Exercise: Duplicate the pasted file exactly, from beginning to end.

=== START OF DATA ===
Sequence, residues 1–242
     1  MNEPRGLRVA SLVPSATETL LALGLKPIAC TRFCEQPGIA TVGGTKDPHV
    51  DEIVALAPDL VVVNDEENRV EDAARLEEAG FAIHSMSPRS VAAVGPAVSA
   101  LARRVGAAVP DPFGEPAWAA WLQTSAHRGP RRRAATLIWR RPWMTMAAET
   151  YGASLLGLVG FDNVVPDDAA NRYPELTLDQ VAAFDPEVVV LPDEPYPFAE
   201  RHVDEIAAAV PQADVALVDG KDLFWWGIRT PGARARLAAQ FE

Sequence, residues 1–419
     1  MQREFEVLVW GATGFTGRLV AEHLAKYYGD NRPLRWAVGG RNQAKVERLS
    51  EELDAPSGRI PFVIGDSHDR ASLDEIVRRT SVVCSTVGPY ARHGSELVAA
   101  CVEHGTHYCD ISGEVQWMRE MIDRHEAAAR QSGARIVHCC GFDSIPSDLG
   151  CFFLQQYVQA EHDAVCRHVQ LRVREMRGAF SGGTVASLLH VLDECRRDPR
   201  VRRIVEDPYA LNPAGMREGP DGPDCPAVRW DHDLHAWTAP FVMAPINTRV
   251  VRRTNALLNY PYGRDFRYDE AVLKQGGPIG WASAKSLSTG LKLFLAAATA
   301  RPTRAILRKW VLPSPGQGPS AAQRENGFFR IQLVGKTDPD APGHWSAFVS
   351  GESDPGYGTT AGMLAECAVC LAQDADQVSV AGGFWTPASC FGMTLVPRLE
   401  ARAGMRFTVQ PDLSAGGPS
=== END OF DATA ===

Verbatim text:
Sequence, residues 1–242
     1  MNEPRGLRVA SLVPSATETL LALGLKPIAC TRFCEQPGIA TVGGTKDPHV
    51  DEIVALAPDL VVVNDEENRV EDAARLEEAG FAIHSMSPRS VAAVGPAVSA
   101  LARRVGAAVP DPFGEPAWAA WLQTSAHRGP RRRAATLIWR RPWMTMAAET
   151  YGASLLGLVG FDNVVPDDAA NRYPELTLDQ VAAFDPEVVV LPDEPYPFAE
   201  RHVDEIAAAV PQADVALVDG KDLFWWGIRT PGARARLAAQ FE

Sequence, residues 1–419
     1  MQREFEVLVW GATGFTGRLV AEHLAKYYGD NRPLRWAVGG RNQAKVERLS
    51  EELDAPSGRI PFVIGDSHDR ASLDEIVRRT SVVCSTVGPY ARHGSELVAA
   101  CVEHGTHYCD ISGEVQWMRE MIDRHEAAAR QSGARIVHCC GFDSIPSDLG
   151  CFFLQQYVQA EHDAVCRHVQ LRVREMRGAF SGGTVASLLH VLDECRRDPR
   201  VRRIVEDPYA LNPAGMREGP DGPDCPAVRW DHDLHAWTAP FVMAPINTRV
   251  VRRTNALLNY PYGRDFRYDE AVLKQGGPIG WASAKSLSTG LKLFLAAATA
   301  RPTRAILRKW VLPSPGQGPS AAQRENGFFR IQLVGKTDPD APGHWSAFVS
   351  GESDPGYGTT AGMLAECAVC LAQDADQVSV AGGFWTPASC FGMTLVPRLE
   401  ARAGMRFTVQ PDLSAGGPS